Thursday, June 26, 2008


In the past week the US Supreme Court has issued rulings in two controversial and closely-followed cases by the narrowest of margins: five votes to four. In the first, the Court told the State of Louisiana that it could not impose the death penalty on those convicted of raping children. In the second, it told the District of Columbia that it could not ban firearms.

Is there anyone in the United States who agrees with both of them?

Most who would support the rights of law-abiding DC citizens to own guns (and honor the Second Amendment) would also support the right of a state to execute criminals (and honor the Fifth Amendment). Most who oppose the death penalty in general, and as it is applied to rapists in particular, would also support gun control. Thus those who were dismayed by the death penalty case found themselves rejoicing in the gun rights case, and vice versa.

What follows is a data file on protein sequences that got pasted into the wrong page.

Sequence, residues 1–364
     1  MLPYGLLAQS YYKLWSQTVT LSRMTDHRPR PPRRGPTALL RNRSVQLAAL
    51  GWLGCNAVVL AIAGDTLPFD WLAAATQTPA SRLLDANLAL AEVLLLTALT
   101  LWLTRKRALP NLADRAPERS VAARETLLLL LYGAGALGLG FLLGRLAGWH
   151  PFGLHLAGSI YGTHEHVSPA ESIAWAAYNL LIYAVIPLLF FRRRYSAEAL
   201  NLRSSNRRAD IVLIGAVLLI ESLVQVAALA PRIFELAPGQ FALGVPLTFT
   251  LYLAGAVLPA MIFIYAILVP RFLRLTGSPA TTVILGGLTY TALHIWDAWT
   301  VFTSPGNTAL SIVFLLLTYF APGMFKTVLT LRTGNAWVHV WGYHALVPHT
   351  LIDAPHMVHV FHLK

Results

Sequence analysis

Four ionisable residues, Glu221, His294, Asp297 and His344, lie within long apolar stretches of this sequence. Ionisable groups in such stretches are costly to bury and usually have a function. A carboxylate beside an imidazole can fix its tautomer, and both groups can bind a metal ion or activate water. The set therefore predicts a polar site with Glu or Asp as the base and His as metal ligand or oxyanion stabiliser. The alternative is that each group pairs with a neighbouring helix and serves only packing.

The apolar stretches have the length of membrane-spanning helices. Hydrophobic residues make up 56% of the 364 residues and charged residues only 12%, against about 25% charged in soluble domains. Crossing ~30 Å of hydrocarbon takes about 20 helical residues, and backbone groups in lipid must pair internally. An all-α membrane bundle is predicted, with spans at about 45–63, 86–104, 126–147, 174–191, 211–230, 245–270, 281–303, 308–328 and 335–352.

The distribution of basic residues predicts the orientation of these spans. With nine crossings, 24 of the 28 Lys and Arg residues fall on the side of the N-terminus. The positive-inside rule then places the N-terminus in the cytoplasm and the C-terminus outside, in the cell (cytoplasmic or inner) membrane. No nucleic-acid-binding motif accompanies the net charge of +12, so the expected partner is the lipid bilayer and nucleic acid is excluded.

The very fact that so many Supreme Court cases are being decided by one vote is an indication not that the best legal minds in the US disagree about the law, but that we are permitting the Court to decide issues best left to the States and to Congress. In essence, one vote has determined whether citizens may continue to exercise a right that has been enjoyed for 230 years, and one vote has determined that 4.5 million Cajuns may not put to death a criminal that they have democratically decided deserves that punishment.

The Framers and the Constitution they devised were not nearly as schizophrenic as the Court has become in passing on them.

It is decisions like these -- groups of inconsistent decisions -- that lead one to the conclusion that the Court is no longer the Judicial Branch, but has become the third house of Congress.

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